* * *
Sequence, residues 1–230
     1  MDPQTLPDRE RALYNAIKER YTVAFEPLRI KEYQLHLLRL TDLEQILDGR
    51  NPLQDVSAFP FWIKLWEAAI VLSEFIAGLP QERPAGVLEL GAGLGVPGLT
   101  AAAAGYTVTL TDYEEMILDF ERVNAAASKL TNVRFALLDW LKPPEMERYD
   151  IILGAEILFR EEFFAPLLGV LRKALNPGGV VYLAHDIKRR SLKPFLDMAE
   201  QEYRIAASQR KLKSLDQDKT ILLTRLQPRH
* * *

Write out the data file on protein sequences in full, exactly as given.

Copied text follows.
Sequence, residues 1–230
     1  MDPQTLPDRE RALYNAIKER YTVAFEPLRI KEYQLHLLRL TDLEQILDGR
    51  NPLQDVSAFP FWIKLWEAAI VLSEFIAGLP QERPAGVLEL GAGLGVPGLT
   101  AAAAGYTVTL TDYEEMILDF ERVNAAASKL TNVRFALLDW LKPPEMERYD
   151  IILGAEILFR EEFFAPLLGV LRKALNPGGV VYLAHDIKRR SLKPFLDMAE
   201  QEYRIAASQR KLKSLDQDKT ILLTRLQPRH